Steve Cohen’s Point72 Loses Long-Tenured Money Managers

About 20 portfolio managers have left Steven A. Cohen’s hedge-fund firm this year, including several who worked with Mr. Cohen for more than a decade, according to people familiar with the matter.

It is an unusual level of turnover for Mr. Cohen’s firm and marks the latest developments in the rocky relaunch of his fund. The 63-year-old billionaire investor launched Point72 Asset Management last year after an insider-trading scandal barred him from managing outside money until 2018.

Point72 had one of the largest hedge-fund launches in the year, but the firm didn’t raise as much money as it initially hoped. In addition, returns were roughly flat for the year, according to a communication to investors reviewed by The Wall Street Journal.

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The departures at Mr. Cohen’s new firm come largely from Point72’s stock-focused division. At least a dozen portfolio managers out of roughly 50 in that division’s U.S. and London offices have left this year, according to the people familiar with the matter.

Some of the managers have left the hedge-fund industry. Others have moved on to other funds, with some of those former employees receiving higher offers.

At least five left for rival Citadel LLC, a development that has upset Mr. Cohen, people familiar with the matter said. After one portfolio manager announced earlier this year he was taking a job at Citadel, Mr. Cohen refused to shake his hand, some of the people said.

“We’ve hired more portfolio managers this year than have left,” Point72’s spokeswoman said in a statement. “The Firm is growing and our portfolio manager retention rates are best in class because we invest in people’s careers and develop talent organically.” She declined to comment on Mr. Cohen’s reaction to the departing managers, but said three managers have left Citadel for Point72 this year.

Mr. Cohen’s old firm, SAC Capital Advisors LP, was one of the most profitable hedge-fund firms in the U.S. before it pleaded guilty to criminal insider trading charges in 2013. The Securities and Exchange Commission sought to have Mr. Cohen barred for life from the securities industry for failing to supervise employees involved in insider trading. A civil settlement he reached instead restricted him from serving as the supervisor of a registered fund until last year. He didn’t admit or deny wrongdoing as part of the civil settlement.

SAC was also known as one of the top paying hedge funds, former employees say. Some now say pay at Point72 isn’t as high as it used to be at the predecessor firm. In recent weeks, Mr. Cohen has expressed surprise by how much Citadel has offered and has sought ways to pay more, people familiar with the matter said.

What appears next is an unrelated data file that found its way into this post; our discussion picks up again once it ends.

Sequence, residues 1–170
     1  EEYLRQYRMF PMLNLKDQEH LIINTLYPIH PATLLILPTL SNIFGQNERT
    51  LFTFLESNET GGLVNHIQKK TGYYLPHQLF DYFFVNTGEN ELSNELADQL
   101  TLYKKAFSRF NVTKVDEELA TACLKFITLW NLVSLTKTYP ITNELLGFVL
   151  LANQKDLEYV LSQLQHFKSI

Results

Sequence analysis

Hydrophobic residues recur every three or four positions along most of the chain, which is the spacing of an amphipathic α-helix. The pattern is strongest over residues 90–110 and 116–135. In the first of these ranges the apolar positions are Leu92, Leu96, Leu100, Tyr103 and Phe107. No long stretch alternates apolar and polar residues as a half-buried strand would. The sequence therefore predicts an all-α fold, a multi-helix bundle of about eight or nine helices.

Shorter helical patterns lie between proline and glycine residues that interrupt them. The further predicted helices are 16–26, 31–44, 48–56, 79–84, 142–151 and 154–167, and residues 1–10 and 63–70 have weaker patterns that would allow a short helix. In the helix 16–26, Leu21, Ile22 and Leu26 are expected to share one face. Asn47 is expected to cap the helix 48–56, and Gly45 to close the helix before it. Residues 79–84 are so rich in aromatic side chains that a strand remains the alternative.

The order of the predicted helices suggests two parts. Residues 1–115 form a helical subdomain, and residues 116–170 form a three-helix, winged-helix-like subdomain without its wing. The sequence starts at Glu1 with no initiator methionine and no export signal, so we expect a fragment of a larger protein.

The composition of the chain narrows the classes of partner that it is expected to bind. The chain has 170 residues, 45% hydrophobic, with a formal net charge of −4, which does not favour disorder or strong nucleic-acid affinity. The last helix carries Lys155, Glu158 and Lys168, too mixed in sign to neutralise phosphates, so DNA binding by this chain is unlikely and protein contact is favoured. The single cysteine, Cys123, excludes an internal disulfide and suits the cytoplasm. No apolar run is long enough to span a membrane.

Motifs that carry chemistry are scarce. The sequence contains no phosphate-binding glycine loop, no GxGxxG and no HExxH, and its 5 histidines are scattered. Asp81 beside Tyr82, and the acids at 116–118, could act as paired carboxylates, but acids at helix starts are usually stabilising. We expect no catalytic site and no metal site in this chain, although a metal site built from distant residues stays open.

Citadel has offered pay packages that include millions of dollars—guaranteed regardless of whether the portfolio managers make money for the firm, according to people familiar with the contracts.

Among the recent departures is David Corwin, a 13-year veteran who resigned last week and is expected to work at Citadel, according to people familiar with the matter. Justin Lubell, a technology portfolio manager who spent 11 years with Mr. Cohen and managed more than $1 billion, left for Citadel last month.

Another longstanding deputy, Perry Boyle, told colleagues earlier this year that he expects to leave Point72 at some point, people familiar with the conversations said. Mr. Boyle, 55, has worked with Mr. Cohen for 15 years and has headed the firm’s fundraising efforts. Reached by telephone last week, Mr. Boyle said he has no plans to leave the firm.

Mr. Cohen and his representatives said in earlier conversations about fundraising with bankers, colleagues and potential investors that the goal for Point72 was to amass $20 billion, the Journal reported in 2017. Point72 raised $6 billion last year and now manages $14 billion, roughly half of which belongs to Mr. Cohen, according to people familiar with the firm.

Point72 has also received some unwanted attention. Last year, a female employee sued the firm in federal court, alleging widespread gender discrimination and naming Point72’s then-president, Douglas Haynes, as a defendant. Weeks later, Mr. Haynes stepped down. He has denied the allegations and has since filed a defamation lawsuit in New York County Supreme Court against the female employee.

Mr. Haynes declined to comment. A representative for the female employee’s law firm wasn’t immediately available for comment on the defamation suit.

Point72 has also denied the allegations and previously said it would defend itself “in a more appropriate venue than the media.” The firm added that it stands by its record of hiring and developing women.

Returns at Point72 have been better this year. Point72’s flagship fund is up roughly 9% through the first six months, while Citadel’s has gained about 14%, according to people familiar with the funds.

Write to Rachael Levy at rachael.levy@wsj.com

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